debate. he would have picked up the cause of freedom of the press, anti-authoritarianism, he would've questioned all of trumps seeming fascist tendencies. because trump is an opportunity for land-based traditional liberalism in because of d c, and the cert of contempt for the clintons that christopher hitchens had, and the election is hard for me to know where he would have come down on this election. what you think? >> think he would have been appalled by trump but he also would have said, who gave us trump, hillary clinton. christopher was not as you know a big supporter of hillary clinton. >> no. >> think he would have said it is because of the way they ran that campaign, that we ended up with donald trump. think he would have played a lot of responsibility at her feet. >> liberalism infuriated
christopher it seemed to me. it was just the sort of thelacent liberalism of intellectual elites drove him crazy. think you could say about the people who support on trump versus the people who have contempt for him? >> think you would be active in the resistance. i think he would sense that this was a moment that has chosen him. i think he would have more or hes ignored trump himself, thought bill clinton was a titanic full gary and. he would have jumped -- a vulgarian. he would've jumped out of his shoes to see trump. a think he would've gone for steve bannon. he would have honed in on steve who revealed himself yesterday as a semiliterate and erotic when he said, every morning president trump tells
-- re and i just rants ince and die, he meant and me. he is a neurotic windbag. >> exactly. think christopher would have said look to the language. first was trump, incredible poverty of his language. his attack on the press, we remember the nattering nabobs of negativity. that is what is coming out of bannon and trump now. to the language is what he would have said. think we would've learned a lot from that. i grew with you martin, the idea that bannon is the intellectual heavyweight and ideologue of this supernatural must wing of the -- super nationalist wing of the republican party is laughable. >> what you think the state of
the american system would be right now? >> christopher said, totalitarian is my enemy. not the person who tells you how to live or makes you pay taxes, it is the person who wants to control how you think. he would be very concerned of what is happening in those spice coming outnferences, of bannon and miller and trump himself. -- thought the front process. before orwell to tom paine, would've made it clear that if you cannot think, liberty is a shadow that equips the horizon. numbers,ooking at the and the whole pressure issue, i think he would have loved to be put in bashing, loved it. but, i think he would not have bought the notion that russians through the election in any way.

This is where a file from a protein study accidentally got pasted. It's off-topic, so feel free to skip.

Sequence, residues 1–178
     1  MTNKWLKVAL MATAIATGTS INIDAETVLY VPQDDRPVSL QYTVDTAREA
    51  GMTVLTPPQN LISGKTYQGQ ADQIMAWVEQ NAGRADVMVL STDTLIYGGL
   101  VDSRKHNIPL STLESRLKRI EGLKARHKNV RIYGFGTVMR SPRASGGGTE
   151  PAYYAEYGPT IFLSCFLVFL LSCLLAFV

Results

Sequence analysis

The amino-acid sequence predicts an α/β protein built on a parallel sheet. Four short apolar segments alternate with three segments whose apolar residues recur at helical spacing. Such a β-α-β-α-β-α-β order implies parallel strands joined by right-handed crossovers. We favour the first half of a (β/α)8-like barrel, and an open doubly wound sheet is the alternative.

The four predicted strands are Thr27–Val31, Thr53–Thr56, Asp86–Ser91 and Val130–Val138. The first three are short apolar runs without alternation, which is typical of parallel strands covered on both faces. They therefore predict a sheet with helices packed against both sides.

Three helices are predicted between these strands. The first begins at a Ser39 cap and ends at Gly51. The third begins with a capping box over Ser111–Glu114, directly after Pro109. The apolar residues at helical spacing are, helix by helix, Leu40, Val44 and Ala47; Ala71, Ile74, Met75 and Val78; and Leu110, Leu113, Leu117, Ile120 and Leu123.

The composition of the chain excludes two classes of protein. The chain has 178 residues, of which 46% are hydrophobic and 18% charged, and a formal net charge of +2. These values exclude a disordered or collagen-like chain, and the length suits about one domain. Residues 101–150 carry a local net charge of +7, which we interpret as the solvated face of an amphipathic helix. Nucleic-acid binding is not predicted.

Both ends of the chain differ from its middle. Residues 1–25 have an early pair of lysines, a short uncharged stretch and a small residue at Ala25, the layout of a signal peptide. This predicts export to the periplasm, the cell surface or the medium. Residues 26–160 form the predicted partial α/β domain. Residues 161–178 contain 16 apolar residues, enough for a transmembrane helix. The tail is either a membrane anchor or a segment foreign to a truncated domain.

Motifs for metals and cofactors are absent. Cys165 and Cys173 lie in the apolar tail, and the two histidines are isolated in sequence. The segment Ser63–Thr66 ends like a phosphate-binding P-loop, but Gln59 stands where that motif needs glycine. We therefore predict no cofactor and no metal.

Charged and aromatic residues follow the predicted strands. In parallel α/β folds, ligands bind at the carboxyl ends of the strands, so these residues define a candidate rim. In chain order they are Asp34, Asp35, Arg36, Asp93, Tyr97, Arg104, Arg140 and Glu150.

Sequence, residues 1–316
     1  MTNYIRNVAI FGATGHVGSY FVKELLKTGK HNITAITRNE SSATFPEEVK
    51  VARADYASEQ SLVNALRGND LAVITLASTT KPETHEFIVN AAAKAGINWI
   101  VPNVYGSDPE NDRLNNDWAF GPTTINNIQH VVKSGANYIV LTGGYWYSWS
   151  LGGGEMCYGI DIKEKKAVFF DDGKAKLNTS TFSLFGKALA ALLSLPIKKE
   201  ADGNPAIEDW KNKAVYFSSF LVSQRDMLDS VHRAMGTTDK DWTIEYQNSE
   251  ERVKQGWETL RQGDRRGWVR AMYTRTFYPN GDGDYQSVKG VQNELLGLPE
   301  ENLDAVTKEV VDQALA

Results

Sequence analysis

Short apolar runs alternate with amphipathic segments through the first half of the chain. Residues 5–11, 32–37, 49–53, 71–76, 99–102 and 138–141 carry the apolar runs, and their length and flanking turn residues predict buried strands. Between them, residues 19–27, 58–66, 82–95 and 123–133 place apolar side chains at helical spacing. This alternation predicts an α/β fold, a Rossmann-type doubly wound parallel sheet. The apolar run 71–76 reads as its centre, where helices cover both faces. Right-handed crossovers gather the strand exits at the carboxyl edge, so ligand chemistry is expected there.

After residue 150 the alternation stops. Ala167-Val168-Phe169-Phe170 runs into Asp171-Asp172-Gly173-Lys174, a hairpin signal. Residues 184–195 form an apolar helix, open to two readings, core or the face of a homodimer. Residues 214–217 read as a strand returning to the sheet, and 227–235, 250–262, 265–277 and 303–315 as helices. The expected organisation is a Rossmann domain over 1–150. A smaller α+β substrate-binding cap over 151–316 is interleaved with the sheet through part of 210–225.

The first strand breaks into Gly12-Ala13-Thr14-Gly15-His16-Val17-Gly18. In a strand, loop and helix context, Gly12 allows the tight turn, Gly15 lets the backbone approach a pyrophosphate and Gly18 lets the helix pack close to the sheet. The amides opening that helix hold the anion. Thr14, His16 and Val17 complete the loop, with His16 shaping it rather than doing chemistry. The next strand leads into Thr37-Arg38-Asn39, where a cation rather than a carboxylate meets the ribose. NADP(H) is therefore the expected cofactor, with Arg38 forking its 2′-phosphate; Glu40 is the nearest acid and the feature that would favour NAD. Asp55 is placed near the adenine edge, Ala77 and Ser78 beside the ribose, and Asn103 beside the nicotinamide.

if you can would've said that the responsibility of the hillary campaign. he would've looked at the numbers in michigan for example, he would have said they were not there on the ground, they did not woo the unions, they did not do the job. onthink you would zero in these threats to the press. knows democracy cannot work without a free press. pete stark, menacing remarks that bannon and trump have been making about the opposition party, they said, we are going to do something about it. that set off all the alarms. you see on cable news this
sanctimonious kind of, why are you calling me the enemy? i'm just a journalist. assertive ceilinged question for , the press itself is a job to do. -- we are asking this question of what is the press to do in this moment, what you think doug? >> we had richard nixon after , hitchens participated in that, he loved to gossip about the next and tapes and the heinous things that he said. i think one of christopher's most successful endeavors was
calling henry kissinger a war criminal. that took bravery, he stayed on it with a study from brief whether you agreed with it or not. he was proud of the press. hunter s thompson wrote a book, called the great shark can't come the shark was richard nixon. the press came and went after next in and got him. a think hitchens would be proud of investigative journalists like him. to get out there and do stories, breaking news, being in washington dc and not new york, he would've been the grant who both of the modern press corps today. too christopher reeves growth -- through grand parties and journalists coming over to their place. it would have been a hub of how hitchens would have looked this trump phenomenon going on. they are apart and put them. it was the salon of washington and take it a in would've still been now. >> computes a look at what they are doing, which is not what depresses saying right now. he iress is reporting, but
think cap that spirit and ability to raise above him say, look at what they are doing. enjoyeduld have solitary tear of the press. when one journalist's shouted down by trump, all of the other i am spartacus, they should all same question. they have got to be confrontational with him. to be competition with the press. that moment when he said, but cut the many real beauty today, the press, they will pay for it. that beauty was that the crowds were foras big as they obama at his inauguration. it was not a beauty. anything that goes against his son's middleman -- spelling his mental -- suns middle name run is called fake news. he muddies the waters. fake news is no longer usable through ambiguity, because for trump it means news i do not like. hitchens, dotopher you think, know the script of
how we proceed? with a look back at his knowledge of orwell on the 20th century and the fascists and dictators who came and went and that he could quote chapter and verse like no one else, and know where we are headed nowhere else? >> think you're right about that. a think he also, i think we know trump does not really read. there are two movies i think he would be revisiting. not the first to point this out. .he manchurian candidate imagine angela lansbury is dan and, so bannon is not half as clever as she was. network, i looked at it again recently, incredibly apt. think he would have been trying -- drawing on these. >> douglas brinkley, harold blue, earnings, what would it say, we have an inkling. thank you for that. ♪
>> asia-pacific markets signal caution after wall street finished flat. negotiations on the new health care bill drag on. >> no need to choose. chinese premier li keqiang says they do not have to decide between their biggest ally and trading partner. will walk away from nafta if unhappy with nafta -- u.s. demand. >>